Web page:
On June 28, 2009, Zelaya was overthrown by the Honduran military, who broke into his home and kidnapped him at gunpoint. They forced him onto a plane that flew him to Costa Rica and dumped him onto the tarmac. According to Zelaya, an Honduran military plane flew him to Costa Rica and stopped to refuel at Soto Cano, the Honduran air base that is home to 600 U.S. soldiers, sailors, and airmen.

The coup was followed by months of protests by the Honduran people against the de facto government led by Roberto Micheletti and for a return of their president. While virtually all Latin American governments condemned the coup and called for Zelaya’s restoration, Secretary Clinton, who had been in Honduras a few weeks before, immediately called for elections to bring in a new government.

Using the word “crisis,” Clinton immediately praised the Honduran military for bringing “stability” to Honduras. She detailed some of her actions in her book “Hard Choices,” published in 2014. Days after the coup, she teamed up with Mexican Foreign Secretary Patricia Espinosa to forge a response: “We strategized on a plan to restore order in Honduras and ensure that free and fair elections could be held quickly and legitimately, which would render the question of Zelaya moot and give the Honduran people a chance to choose their own future.”

In regard to Chile, Kissinger, the U.S. president, and the CIA were all on one page. But on Honduras, President Obama initially stated that it was a coup and Zelaya should be returned. WikiLeaks also reveals that the former U.S. Ambassador to Honduras, Hugh Llorens, sent a cable to Clinton with the subject line, “Open and Shut: The Case Of The Honduran Coup.” The cable said, “there is no doubt” that the coup was “illegal and unconstitutional.”

The U.S. Embassy listed arguments by supporters of the coup to claim its legality, and dismissed each of them, saying, “none … has any substantive validity under the Honduran constitution.” The Embassy went on to say that the Honduran military had no legal authority to remove President Zelaya from office or from Honduras. They characterized the Honduran military’s action as an “abduction” and kidnapping.

Nevertheless, Secretary of State Hillary Clinton quickly did everything she could to help the military coup in Honduras succeed, at the same time that it was violently cracking down on the media and the opposition. She inferred that Zelaya was legally removed from office and she violence baited the Honduran people who were non-violently demanding the return of their president.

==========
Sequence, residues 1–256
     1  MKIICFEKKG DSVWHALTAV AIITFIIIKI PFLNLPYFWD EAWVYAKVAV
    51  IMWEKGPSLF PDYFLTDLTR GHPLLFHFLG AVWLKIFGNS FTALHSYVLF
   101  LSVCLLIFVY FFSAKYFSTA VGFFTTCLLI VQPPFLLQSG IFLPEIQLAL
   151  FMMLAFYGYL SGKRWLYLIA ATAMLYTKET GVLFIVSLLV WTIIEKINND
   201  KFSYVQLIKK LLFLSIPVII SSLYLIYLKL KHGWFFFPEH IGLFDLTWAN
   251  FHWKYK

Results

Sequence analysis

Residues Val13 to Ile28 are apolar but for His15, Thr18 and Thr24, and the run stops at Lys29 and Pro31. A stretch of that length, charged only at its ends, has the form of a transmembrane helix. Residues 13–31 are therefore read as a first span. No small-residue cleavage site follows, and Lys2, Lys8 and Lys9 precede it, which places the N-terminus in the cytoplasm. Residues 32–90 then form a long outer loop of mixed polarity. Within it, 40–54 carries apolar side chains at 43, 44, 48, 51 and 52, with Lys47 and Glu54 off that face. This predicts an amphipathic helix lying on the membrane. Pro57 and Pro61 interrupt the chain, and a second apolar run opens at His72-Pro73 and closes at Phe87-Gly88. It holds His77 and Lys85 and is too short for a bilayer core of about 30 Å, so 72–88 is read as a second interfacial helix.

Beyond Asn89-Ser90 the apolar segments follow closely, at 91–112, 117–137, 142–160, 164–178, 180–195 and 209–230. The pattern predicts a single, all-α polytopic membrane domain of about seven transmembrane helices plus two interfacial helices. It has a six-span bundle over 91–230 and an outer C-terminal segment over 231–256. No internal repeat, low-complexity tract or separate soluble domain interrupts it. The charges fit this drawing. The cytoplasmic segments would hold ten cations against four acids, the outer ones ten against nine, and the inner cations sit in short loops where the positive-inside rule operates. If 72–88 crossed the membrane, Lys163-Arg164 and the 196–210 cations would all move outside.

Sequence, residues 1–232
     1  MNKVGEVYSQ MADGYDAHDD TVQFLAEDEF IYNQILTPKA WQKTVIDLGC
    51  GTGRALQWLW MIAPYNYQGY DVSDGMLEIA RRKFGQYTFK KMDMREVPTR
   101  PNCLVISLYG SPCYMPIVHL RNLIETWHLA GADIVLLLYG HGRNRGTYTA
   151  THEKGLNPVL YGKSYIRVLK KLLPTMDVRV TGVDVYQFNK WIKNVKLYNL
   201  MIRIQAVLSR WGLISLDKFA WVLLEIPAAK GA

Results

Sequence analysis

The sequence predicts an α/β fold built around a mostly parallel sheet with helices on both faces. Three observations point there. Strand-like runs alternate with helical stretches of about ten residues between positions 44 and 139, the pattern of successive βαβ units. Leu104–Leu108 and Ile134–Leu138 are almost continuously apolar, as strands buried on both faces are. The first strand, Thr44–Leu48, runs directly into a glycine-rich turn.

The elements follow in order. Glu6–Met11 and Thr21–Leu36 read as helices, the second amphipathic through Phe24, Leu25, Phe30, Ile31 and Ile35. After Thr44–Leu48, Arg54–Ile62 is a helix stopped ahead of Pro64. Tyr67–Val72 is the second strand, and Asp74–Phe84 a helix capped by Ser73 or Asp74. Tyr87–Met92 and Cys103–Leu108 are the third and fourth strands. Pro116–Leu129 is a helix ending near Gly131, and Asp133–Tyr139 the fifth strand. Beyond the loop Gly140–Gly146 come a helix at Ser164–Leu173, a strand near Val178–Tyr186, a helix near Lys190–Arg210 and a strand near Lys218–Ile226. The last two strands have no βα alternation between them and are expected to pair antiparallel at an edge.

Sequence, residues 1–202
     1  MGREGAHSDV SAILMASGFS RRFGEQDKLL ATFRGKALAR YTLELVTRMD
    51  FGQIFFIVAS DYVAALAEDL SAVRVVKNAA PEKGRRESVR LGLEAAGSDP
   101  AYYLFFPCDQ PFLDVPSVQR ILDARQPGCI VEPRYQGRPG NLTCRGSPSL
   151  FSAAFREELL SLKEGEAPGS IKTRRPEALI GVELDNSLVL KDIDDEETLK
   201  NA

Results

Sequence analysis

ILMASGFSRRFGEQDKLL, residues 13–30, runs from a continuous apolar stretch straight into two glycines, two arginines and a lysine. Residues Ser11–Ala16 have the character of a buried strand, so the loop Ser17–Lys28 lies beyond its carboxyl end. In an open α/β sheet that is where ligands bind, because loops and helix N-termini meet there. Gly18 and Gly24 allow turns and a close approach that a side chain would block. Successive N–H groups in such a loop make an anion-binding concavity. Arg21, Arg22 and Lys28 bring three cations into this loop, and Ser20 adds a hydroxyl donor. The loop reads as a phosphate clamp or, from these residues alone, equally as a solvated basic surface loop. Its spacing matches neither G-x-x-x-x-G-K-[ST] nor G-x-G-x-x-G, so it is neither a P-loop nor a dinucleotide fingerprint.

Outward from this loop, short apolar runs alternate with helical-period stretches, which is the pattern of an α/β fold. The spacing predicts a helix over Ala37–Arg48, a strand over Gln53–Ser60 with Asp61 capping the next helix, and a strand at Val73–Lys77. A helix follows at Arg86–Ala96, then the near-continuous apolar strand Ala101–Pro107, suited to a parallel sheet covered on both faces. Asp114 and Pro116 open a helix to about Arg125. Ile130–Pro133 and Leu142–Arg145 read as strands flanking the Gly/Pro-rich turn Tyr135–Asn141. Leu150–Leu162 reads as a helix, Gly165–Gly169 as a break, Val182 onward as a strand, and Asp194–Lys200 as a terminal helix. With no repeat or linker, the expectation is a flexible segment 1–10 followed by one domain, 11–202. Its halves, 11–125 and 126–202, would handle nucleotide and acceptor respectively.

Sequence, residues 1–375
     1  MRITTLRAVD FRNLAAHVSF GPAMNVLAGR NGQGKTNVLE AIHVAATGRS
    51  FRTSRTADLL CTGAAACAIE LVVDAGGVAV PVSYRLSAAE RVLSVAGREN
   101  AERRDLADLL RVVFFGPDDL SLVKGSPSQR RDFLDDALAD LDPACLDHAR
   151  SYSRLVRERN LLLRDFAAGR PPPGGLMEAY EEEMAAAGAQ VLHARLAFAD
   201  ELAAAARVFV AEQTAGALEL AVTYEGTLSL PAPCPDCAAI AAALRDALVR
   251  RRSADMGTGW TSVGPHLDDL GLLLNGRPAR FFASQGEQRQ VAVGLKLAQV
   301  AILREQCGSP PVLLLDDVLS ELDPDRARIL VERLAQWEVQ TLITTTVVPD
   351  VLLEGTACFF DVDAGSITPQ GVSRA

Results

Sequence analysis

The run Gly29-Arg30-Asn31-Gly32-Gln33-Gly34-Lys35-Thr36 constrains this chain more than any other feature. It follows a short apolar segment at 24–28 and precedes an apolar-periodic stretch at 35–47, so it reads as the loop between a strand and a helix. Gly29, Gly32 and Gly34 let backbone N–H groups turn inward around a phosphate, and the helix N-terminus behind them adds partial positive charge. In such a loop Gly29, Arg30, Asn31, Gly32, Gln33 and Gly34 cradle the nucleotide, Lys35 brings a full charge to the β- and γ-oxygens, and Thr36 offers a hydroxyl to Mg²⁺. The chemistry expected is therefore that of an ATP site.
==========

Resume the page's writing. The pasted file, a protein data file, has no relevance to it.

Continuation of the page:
Clinton claimed that Honduras was on the verge of a civil war. The “elections” that she helped organize for November 2009 in Honduras were not recognized as legitimate by the rest of the region and the world. The Organization of American States, the European Union, and the Carter Center all refused to send observers.

Rosemary Joyce of the North American Congress on Latin America (NACLA) said: “The election was conducted without the presence of certified international observers that would be necessary to accept the results even in normal times, let alone with the election conducted under a government exercising fierce repression of the media and of free speech. It was a ‘demonstration election.’ An election held for little other purpose than to buff the image of an anti-democratic government.”

Yet Clinton continued to claim that the situation was merely a “crisis,” not a coup, and that Zelaya should be replaced with hastily called elections. The fraudulent election was financed by the National Endowment for Democracy, known for its pro-U.S. obstructive practices in Latin America and around the world, and the U.S. State Department.

In 2013, when Xiomara Castro, the wife of Manuel Zelaya, ran for president, over 30 candidates of her Libre party were murdered. The right-wing presidential candidate, Juan Orlando Hernandez, was declared the winner, although many international observers reported evidence of intimidation, vote buying, and other irregularities at the polls.

The Clinton e-mails

In January 2016, three batches of Secretary Clinton’s e-mails were released. The Center For Economic and Policy Research (CEPR) has reported that while many of the e-mails are heavily redacted, they give a clearer picture of how Clinton handled international developments during her tenure at the State Department.

Anne-Marie Slaughter, then Director of Policy Planning at the State Department, sent an e-mail to Clinton on Aug. 16, 2009, strongly urging her to “take bold action” and to “find that [the] coup was a ‘military coup’ under U.S. law,” a move that would have immediately triggered the suspension of all non-humanitarian U.S. assistance to Honduras: “I got lots of signals last week that we are losing ground in Latin America every day the Honduras crisis continues … even our friends are beginning to think we are not really committed to the norm of constitutional democracy.”